At the Grandview location, Sick noted, students would have less than two miles to travel to the new Wyotech campus east of town, at the Corporate Campus industrial park in Burrell Township. Also, they would not have to drive through downtown Blairsville.
The main entrance to the housing complex would be next to a car wash on old Rt. 22 in Burrell Township.
Warpness noted WyoTech is negotiating with Indigo, the county transit authority, to provide bus passes for its students--with routes that might also be used by Blairsville seniors to get between downtown and destinations along the Rt. 22 corridor.
Sick said Ambling's on-site staff would include a community director who will focus on physical property issues and an assistant who will be concerned with "lifestyle management"--intervening in disputes between students while "assuring rules and regulations of the project and of WyoTech are followed."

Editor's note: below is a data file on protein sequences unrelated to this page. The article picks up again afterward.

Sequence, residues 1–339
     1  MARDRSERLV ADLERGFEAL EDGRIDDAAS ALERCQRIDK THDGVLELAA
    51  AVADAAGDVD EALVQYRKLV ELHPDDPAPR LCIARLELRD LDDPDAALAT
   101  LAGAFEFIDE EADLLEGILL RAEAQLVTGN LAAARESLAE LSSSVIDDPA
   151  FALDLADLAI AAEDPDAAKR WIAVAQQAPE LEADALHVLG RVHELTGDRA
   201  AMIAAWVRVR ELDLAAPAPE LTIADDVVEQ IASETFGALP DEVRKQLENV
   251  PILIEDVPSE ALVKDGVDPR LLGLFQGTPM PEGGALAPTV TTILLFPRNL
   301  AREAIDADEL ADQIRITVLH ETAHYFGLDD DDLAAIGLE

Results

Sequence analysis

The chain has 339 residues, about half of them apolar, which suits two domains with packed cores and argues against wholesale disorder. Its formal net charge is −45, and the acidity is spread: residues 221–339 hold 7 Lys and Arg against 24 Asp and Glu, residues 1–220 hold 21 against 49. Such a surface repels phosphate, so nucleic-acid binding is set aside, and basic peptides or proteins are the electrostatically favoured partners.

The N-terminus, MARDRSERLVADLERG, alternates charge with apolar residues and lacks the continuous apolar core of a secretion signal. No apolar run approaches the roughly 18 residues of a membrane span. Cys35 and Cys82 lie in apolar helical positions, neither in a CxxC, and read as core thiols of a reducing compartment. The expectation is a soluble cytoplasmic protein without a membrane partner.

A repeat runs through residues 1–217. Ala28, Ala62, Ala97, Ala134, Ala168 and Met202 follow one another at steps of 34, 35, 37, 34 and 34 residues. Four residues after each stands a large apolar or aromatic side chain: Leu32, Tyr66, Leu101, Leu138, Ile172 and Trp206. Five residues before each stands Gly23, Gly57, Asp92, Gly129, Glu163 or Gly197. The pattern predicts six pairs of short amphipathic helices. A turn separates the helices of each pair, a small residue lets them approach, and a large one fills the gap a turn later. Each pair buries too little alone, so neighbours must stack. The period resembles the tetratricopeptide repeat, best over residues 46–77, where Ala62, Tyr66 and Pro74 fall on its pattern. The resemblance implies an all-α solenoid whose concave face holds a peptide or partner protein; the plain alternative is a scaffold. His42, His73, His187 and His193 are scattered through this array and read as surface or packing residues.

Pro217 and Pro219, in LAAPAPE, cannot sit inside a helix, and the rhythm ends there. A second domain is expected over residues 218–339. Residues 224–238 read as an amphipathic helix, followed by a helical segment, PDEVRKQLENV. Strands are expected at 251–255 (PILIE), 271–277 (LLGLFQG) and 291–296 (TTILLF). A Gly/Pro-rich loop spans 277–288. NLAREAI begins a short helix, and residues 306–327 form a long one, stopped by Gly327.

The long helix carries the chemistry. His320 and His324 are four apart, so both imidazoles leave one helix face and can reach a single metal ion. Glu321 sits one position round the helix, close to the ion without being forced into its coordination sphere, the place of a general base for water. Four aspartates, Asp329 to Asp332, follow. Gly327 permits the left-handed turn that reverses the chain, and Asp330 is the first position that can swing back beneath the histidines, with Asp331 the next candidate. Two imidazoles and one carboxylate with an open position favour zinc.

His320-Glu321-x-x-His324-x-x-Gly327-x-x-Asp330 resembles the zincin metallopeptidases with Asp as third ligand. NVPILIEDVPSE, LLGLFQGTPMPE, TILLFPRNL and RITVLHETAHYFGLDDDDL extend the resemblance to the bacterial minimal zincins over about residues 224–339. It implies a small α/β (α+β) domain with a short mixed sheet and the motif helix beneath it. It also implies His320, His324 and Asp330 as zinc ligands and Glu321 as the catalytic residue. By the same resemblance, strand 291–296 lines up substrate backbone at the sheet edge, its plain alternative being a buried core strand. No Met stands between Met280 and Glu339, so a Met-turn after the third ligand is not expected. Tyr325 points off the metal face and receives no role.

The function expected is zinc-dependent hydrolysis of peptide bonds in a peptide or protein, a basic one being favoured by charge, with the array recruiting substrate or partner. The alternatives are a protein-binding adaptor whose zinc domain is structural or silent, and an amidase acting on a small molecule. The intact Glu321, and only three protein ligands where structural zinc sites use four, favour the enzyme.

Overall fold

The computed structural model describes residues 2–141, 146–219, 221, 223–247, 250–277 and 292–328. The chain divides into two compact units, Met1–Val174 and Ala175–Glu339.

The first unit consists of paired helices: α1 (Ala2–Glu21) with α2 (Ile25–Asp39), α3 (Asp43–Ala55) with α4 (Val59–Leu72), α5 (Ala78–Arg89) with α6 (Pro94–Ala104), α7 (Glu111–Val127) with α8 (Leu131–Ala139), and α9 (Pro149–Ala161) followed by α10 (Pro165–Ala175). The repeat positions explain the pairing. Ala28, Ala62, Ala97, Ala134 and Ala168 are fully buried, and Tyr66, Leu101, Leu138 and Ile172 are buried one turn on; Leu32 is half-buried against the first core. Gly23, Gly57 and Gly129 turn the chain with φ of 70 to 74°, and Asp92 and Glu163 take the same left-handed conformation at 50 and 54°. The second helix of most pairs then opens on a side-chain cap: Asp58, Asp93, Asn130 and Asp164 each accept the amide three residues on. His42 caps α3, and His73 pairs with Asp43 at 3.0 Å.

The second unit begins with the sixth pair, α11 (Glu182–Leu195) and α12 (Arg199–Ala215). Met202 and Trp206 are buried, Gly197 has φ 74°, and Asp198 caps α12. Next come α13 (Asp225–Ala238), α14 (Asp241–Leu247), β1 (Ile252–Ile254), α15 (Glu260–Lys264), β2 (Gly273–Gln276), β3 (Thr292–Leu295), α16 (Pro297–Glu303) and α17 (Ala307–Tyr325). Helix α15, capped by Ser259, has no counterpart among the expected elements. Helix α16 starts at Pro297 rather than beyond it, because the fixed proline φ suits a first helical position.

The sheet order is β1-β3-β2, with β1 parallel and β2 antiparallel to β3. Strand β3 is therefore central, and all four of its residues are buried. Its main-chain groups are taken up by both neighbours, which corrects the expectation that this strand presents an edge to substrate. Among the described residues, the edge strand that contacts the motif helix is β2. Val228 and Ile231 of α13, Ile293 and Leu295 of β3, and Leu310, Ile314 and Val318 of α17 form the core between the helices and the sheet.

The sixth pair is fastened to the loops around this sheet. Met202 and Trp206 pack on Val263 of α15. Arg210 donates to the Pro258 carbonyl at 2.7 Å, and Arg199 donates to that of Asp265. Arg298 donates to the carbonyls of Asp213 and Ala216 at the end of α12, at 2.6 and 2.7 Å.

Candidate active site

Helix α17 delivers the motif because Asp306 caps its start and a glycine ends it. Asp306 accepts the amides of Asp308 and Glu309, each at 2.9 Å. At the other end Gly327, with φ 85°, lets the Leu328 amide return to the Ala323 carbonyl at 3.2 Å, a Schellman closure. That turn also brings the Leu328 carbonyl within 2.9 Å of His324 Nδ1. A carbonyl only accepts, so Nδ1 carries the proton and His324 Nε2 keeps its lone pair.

Each of the 16 units will have a student designated as a community assistant, to provide oversight of student conduct in that building and to organize social activities for the occupants.
While adjacent tennis courts and other borough recreational facilities will be available for students, Sick noted the housing complex will offer its own activities: cable and Internet access and a 3,500-square-foot community building featuring game and exercise rooms and a kitchen where local vendors will be able to serve meals.
Several residents renewed a request made two weeks ago, that ultimate approval of the housing proposal be decided by a town-wide vote.